Dear Decision Makers – it’s okay to tell us NO!Share This Article
No is actually the second-best answer a sales rep can hear besides the obvious yes. The worst sin in sales is not for a sales rep to lose a deal, it’s to take a long time to lose a deal. So, the faster you can figure out a solution is not the right fit and be open and honest with the sales rep, the better off we’ll all be.
Placating a sales rep and thinking you’re being nice by not telling them you’re not interested is one of the worst things you can do because it gives us a false sense of hope, which we will pursue forever and waste everyone’s time while doing so.
As an example, when you get a cold call and you say “send me information” when you’re really not interested and just trying to be nice, you’re actually being a lot meaner than if you were to simply say “I’m not interested, thanks.” I’d actually rather be hung up on.
The reason I’m writing about this is because this scenario happens all the time.
Here’s a recent example: A company put in a request for information about a mobile app, we played email tag for a while, finally got on the phone, had a good conversation about his needs, talked about the details of our app and even pricing.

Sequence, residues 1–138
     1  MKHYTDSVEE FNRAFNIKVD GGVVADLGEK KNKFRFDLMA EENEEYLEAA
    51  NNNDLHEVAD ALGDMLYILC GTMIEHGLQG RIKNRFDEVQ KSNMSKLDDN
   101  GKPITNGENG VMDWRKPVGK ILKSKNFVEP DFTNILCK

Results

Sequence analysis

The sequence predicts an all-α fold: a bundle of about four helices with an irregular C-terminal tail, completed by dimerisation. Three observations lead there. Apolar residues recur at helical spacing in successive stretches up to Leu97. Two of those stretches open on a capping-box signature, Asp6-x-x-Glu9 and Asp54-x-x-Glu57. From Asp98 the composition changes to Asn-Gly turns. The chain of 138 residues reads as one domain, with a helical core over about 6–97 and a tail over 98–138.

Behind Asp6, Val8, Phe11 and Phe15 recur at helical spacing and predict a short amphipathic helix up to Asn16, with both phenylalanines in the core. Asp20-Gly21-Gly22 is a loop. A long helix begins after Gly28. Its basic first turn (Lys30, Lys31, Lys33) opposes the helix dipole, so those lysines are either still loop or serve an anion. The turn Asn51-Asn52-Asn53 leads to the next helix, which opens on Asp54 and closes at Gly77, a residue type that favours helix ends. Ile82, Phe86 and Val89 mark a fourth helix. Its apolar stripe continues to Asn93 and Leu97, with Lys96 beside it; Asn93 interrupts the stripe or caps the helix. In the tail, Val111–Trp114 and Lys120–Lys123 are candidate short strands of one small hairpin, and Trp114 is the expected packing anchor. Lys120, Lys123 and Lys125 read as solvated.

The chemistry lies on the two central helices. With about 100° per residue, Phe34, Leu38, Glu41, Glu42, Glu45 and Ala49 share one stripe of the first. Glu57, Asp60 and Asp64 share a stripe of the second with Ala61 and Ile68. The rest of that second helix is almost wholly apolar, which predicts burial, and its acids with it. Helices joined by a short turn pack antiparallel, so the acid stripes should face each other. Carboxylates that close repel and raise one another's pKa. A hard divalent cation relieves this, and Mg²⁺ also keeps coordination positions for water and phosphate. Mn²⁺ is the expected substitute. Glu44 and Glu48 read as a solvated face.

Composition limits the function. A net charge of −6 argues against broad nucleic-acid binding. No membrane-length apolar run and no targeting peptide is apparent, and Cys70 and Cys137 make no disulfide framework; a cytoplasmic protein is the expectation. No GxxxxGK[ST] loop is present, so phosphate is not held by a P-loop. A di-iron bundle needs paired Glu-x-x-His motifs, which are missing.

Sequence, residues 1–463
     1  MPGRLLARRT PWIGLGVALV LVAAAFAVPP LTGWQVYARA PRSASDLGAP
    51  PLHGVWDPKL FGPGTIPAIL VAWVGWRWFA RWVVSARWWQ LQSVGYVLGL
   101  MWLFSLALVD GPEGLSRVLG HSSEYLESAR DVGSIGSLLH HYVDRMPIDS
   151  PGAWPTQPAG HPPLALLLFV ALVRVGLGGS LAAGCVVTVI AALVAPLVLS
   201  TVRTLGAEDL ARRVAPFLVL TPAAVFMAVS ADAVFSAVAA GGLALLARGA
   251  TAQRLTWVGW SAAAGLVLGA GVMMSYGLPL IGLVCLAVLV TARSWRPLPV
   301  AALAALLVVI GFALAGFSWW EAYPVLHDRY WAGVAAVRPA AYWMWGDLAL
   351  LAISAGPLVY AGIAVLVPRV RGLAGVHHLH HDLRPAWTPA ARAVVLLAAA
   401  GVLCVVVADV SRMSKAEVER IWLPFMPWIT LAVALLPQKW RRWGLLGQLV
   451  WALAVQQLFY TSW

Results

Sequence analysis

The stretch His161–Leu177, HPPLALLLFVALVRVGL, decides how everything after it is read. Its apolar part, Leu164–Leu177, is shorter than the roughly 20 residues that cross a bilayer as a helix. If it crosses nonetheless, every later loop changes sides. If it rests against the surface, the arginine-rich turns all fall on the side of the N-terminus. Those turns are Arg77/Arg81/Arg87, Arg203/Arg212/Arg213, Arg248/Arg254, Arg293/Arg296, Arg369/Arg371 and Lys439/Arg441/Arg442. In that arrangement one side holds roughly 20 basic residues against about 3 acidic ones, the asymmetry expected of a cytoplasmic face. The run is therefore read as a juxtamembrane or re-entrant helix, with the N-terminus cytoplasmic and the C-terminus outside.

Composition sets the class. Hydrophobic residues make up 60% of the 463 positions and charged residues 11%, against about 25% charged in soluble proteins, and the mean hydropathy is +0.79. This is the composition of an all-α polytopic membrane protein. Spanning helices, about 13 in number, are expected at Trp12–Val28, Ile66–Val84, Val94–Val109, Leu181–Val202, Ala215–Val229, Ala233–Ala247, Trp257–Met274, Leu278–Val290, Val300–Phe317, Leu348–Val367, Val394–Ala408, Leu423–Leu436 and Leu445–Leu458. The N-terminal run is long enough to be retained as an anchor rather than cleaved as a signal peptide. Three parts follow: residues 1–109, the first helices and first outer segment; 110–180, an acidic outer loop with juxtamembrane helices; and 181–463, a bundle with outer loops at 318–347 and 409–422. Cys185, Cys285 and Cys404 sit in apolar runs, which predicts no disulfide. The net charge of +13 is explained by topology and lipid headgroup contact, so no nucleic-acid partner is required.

He asked for me to send him more details and said he would talk to the other decision-makers about how it could implemented. He even agreed to a follow-up meeting the next week at a specific time that I sent him a calendar invitation for.
I sent him the information about an hour after we talked and soon after he declined the meeting request and sent me an email saying “Kevin, we are no longer interested.”
Was this the same guy I just spent 30 minutes on the phone with having what seemed to be a really good conversation?
Even worse, this can go on for weeks, at least he told me fairly quickly!
The info I sent over to him didn’t include anything we hadn’t already discussed. He obviously decided he wasn’t interested sometime during our conversation, so why didn’t he just say so? No one really likes the awkwardness of telling people no directly – but, come on.
For you decision makers, please don’t be afraid to hurt our feelings. It’s ok to say no.
You might get a little push-back from the sales rep trying to understand why but, ultimately, answering a few questions and listening to a potential justification of why you should reconsider is way less painful for everyone involved than stringing us along.
For sales reps, next time you’re talking with a prospective client, at some point in the conversation ask them, “if there’s a point in this process where it’s obvious to you that we’re not the right fit, are you comfortable telling me no?” It’s a weird question to ask and the answer is somewhat obvious. However, letting someone know that you’re cool with them telling you no can save you and them a lot of time.
Good luck. Make It Happen!